Mechanical counterpressure suit
A mechanical counterpressure (MCP) suit or space activity suit (SAS) is an experimental spacesuit which applies stable pressure against the skin by means of skintight elastic garments. The SAS is not inflated like a conventional spacesuit: it uses mechanical pressure, rather than air pressure, to compress the human body in low-pressure environments. Development was begun by NASA and the Air Force in the late 1950s and then again in the late 1960s, but neither design was used. Research is under way at the Massachusetts Institute of Technology (MIT) on a "Bio-Suit" System which is based on the original SAS concept.
The human body can briefly survive exposure to the hard vacuum of space unprotected, despite contrary depictions in some popular science fiction. Human skin does not need to be protected from vacuum and is gas-tight by itself. Human flesh expands to about twice its size in such conditions, giving the visual effect of a body builder rather than an overfilled balloon. This can be counteracted through mechanical counter-pressure from a suitably designed garment. Consciousness is retained for up to 15 seconds as the effects of oxygen starvation set in. Counteracting this requires a helmet to contain breathing gases and protect the ears and eyes. These effects have been confirmed through various accidents in very high altitude conditions, outer space, and training vacuum chambers.
Cooling of the astronaut with an SAS is generally achieved with evaporation from body perspiration which is emitted from the suit in all directions. Water, salts, and proteins can deposit on optics and other sensitive surfaces causing damage or degradation. This can limit the usefulness of an SAS. For the inflated spacesuits used on the space shuttle, International Space Station, and the Apollo program, cooling was achieved in the Primary Life Support System by sublimation of water in a vacuum.
In 1959 Hans Mauch was working on "breathable" undergarments for the Mercury space suit when he hit upon the idea of a way to build a mechanical counterpressure design. The Mauch team noticed that closed-cell foams, which trap gas within their structure, expand when outside pressure is lowered. By containing the foam within a non-expanding outer layer, it would place increasing pressure on the body as the pressure lowered. This appeared to allow for a design that would offer far better mobility than the almost rigid Mercury design.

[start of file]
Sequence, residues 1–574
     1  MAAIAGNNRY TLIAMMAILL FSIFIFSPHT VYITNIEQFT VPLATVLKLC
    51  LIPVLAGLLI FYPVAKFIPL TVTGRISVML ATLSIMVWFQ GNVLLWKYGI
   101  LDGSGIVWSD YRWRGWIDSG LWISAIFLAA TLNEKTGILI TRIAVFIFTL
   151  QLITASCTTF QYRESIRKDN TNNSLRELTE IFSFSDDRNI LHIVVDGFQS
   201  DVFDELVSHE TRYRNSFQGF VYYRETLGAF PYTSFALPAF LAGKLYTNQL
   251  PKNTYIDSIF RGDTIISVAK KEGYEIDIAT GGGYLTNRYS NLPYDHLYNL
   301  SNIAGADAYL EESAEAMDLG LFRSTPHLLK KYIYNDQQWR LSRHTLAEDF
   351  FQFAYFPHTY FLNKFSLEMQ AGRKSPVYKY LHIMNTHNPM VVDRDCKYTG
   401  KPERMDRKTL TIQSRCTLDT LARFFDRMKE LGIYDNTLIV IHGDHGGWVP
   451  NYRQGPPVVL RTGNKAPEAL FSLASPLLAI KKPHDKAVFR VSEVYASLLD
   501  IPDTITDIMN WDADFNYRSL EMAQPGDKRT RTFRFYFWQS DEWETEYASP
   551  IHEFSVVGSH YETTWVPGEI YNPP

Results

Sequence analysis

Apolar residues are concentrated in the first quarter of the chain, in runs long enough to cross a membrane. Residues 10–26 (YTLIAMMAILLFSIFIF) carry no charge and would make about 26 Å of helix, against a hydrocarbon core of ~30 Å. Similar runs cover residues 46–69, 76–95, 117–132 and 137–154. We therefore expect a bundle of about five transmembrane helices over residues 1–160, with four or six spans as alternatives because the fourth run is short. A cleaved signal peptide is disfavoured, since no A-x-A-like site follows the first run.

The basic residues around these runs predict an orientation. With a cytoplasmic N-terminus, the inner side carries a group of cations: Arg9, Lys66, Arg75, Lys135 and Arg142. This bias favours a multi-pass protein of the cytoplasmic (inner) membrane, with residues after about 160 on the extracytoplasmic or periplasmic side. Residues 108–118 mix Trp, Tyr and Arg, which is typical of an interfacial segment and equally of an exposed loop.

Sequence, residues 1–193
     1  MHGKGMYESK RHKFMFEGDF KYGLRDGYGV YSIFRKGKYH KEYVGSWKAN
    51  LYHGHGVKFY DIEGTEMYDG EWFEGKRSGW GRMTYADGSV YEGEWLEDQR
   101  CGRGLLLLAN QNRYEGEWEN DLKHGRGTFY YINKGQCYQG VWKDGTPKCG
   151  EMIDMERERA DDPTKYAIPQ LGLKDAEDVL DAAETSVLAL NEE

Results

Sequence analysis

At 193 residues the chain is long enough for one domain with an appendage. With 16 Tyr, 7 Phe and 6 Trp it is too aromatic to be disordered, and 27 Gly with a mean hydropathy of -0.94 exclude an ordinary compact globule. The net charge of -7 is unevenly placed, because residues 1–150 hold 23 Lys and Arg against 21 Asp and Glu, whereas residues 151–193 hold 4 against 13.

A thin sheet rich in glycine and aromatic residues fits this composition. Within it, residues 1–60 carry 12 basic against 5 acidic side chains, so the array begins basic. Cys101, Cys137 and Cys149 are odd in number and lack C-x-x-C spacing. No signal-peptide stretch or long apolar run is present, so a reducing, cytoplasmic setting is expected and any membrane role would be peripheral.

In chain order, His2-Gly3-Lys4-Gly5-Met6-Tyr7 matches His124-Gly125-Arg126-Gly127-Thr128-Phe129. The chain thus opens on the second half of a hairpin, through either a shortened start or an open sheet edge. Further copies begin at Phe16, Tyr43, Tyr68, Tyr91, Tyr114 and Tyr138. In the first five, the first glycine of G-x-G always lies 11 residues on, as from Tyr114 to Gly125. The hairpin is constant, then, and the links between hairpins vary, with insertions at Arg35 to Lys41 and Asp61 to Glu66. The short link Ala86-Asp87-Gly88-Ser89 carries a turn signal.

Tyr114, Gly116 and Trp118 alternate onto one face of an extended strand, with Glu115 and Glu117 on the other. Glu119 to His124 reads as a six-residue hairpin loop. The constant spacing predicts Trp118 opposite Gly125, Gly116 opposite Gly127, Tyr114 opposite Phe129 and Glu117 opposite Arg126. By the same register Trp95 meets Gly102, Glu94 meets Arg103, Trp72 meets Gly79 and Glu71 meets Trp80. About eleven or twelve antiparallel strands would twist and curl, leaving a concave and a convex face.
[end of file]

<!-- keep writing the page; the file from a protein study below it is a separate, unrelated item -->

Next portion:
Late in 1959 Mauch Laboratories was granted a contract by the US Air Force to develop a working model, as part of the Air Force's secret X-20 Dynasoar efforts. The program ran until 1962, during which time NASA had joined the effort. The suit was built with a layer of foam sandwiched between two layers of fabric, the inner against the wearer's skin (or undergarments) to provide mechanical support, and the outer providing containment. A separate, and bulky, helmet provided pressure and breathing gases. Like the undergarments that Mauch was developing for Mercury, thermal control was provided by direct sweat transpiration through the fabric. The resulting suit was about as bulky as the original Mercury design, excluding the large helmet.
Extended vacuum testing was carried out successfully, but the suit proved to have less mobility than expected and further development was dropped.
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The introduction of improved fabrics led to Paul Webb's concept for a new way to build an SAS. Further work was contracted in order to test various design concepts. Between 1968 and 1971 ten designs of increasing sophistication were built, leading eventually to a series of successful tests in vacuum chambers. The longest test was two hours and forty-five minutes.